Sweden has approximately 155 data centers worth about $1.6 billion, serving clients such as NASDAQ and Amazon Web Services, according to a 2016 report by the firm Boston Consulting Group. Facebook built its first data center outside the U.S. in Sweden in 2013. The tech giant added a second facility Luleå. Each cover the area of 17 hockey rinks and use almost 40 percent less power than traditional data facilities.
Many of the data warehouses are already warming Swedish homes. In fact, heat from data centers now accounts for 10 percent of Stockholm’s municipal system. The warm air is piped into the city’s system — providing both heat and hot water — through 1,600 miles of underground pipes. The city will likely rely even more on data centers once it closes a coal-fired power plant in 2020, according to Erik Ryland, head of open district heating at the utility Fortum. “Three percent of all the power in the world is consumed by data centers, and they are wasting all their heat.”
The region’s environmental commitment has the attention of U.S. tech companies. Google is operating in Finland; Apple is in Denmark; Amazon Web Services is outside Stockholm. One key reason Sweden’s data managers are turning green is that Europe imposed greenhouse gas limits by 2020, and the Swedish government approved a law this past summer that requires a net carbon-free economy by 2045.
It’s a different picture in the U.S. Much of America’s data processing horsepower is housed in Ashburn, Virginia, near Dulles Airport. The area became the biggest host of U.S. data centers because it offers low taxes, land, electricity, and fiber connections. Only about 6 percent of the power to run those centers comes from renewable sources, the rest comes from fossil fuels or nuclear power. The amount of natural resources going to power data delivery will increase sharply in the next three years. In 2013, U.S. data centers consumed an estimated 91 billion kilowatt-hours of electricity, according to a report by the Natural Resources Defense Council. That’s the equivalent annual output of 34 large (500-megawatt) coal-fired power plants — enough electricity to power all the households in New York City twice over for a year.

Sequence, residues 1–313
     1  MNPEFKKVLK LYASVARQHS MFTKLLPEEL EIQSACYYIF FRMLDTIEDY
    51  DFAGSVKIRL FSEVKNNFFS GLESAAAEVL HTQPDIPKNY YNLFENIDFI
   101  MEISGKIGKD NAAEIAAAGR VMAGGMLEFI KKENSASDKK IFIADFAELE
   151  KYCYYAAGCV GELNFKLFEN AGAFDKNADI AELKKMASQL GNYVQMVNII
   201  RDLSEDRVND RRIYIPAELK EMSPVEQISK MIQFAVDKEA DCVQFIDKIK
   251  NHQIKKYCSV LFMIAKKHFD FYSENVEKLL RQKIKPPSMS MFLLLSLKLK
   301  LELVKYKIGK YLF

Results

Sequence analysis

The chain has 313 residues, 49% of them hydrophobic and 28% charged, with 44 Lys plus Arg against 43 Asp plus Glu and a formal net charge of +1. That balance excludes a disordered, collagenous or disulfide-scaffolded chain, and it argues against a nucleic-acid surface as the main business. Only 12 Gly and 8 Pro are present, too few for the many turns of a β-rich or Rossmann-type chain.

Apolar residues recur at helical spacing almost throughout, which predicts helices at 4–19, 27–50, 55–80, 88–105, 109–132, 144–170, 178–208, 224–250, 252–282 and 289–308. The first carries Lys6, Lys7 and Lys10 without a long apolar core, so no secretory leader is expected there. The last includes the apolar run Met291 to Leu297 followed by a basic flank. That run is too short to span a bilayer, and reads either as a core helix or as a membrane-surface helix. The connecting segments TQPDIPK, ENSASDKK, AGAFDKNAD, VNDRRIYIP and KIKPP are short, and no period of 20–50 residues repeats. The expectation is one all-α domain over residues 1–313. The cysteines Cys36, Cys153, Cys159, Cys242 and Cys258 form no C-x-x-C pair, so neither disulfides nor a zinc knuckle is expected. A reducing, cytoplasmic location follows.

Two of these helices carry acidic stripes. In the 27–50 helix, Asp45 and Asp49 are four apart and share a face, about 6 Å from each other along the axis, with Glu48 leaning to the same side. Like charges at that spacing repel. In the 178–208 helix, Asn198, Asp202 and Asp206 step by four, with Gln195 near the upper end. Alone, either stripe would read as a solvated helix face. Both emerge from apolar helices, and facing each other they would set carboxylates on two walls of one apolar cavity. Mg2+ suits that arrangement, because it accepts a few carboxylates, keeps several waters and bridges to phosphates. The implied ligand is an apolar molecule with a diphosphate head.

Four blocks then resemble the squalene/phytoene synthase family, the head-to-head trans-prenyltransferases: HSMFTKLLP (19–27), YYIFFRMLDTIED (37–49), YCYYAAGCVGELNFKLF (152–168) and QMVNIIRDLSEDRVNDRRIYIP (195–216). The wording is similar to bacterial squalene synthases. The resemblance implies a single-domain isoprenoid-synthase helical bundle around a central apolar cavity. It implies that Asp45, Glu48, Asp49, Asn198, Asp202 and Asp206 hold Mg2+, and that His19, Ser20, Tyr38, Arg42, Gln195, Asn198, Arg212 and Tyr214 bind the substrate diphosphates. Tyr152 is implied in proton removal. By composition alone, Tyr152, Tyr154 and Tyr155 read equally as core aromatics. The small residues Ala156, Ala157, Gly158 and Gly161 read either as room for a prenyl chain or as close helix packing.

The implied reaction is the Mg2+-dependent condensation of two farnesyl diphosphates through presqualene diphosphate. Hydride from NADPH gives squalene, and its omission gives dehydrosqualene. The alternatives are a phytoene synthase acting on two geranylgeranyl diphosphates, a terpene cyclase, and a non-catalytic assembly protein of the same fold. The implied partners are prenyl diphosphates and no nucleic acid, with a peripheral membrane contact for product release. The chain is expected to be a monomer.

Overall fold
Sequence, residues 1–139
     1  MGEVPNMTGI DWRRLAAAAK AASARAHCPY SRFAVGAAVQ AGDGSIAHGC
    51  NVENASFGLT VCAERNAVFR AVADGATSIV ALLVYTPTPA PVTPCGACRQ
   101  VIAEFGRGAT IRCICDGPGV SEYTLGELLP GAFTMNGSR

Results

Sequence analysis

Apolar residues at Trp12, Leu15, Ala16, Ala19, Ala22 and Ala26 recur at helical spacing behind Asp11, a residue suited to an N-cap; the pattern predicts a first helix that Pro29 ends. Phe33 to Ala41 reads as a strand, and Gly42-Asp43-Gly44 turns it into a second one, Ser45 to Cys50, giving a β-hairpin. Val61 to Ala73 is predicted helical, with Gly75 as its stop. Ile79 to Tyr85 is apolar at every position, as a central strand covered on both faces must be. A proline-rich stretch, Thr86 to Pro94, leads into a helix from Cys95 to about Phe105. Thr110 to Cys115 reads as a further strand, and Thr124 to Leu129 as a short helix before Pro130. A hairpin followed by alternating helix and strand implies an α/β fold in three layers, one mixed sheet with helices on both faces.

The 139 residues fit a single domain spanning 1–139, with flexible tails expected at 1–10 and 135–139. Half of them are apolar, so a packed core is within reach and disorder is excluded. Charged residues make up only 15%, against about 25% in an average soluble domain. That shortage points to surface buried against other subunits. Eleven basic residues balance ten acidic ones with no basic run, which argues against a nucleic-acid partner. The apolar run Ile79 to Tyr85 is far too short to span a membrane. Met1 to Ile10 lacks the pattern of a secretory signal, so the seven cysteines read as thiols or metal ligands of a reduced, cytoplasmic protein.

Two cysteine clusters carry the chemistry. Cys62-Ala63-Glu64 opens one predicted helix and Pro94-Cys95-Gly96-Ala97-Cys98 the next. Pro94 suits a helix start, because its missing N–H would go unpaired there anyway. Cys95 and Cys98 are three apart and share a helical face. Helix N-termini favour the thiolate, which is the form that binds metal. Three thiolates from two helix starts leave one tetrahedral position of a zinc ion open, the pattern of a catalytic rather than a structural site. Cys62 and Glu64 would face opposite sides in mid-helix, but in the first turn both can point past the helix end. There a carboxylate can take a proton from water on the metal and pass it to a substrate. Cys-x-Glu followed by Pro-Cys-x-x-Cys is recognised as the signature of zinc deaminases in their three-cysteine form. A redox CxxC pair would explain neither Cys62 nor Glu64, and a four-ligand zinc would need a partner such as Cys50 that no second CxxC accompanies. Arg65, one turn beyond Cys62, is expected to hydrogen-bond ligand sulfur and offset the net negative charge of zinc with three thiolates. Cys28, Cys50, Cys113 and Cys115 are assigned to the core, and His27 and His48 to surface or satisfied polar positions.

But American data center operators are heading to the far north, too. Tate Cantrell worked at setting up data centers in Northern Virginia for a decade. But in 2012, he packed up and set up his own data center company, Verne Global, in Iceland. Now, he’s drawing both U.S. and European firms who like the idea of nearly-free cooling combined with low-cost renewable electricity.
Even Fairbanks, Alaska, is too hot in the summer, says Cantrell, an Alaska native. In Iceland, “we can offer a lower-cost solution but also save money and be sustainable. That message has resonated.”
That’s why the cybersecurity firm ThreatMetrix, based in San Jose, California, decided to move 20 percent of its off-site data storage to Verne Global’s Iceland facility. The company liked the proximity to European customers and the idea of using energy generated from the country’s hydropower dams, geothermal springs, and wind turbines. “At a traditional data center, you feel a sense of heat and energy being consumed and wasted,” says Phil Steffora, chief security officer at ThreatMetrix. “What you use [in Iceland] is turning that upside down.”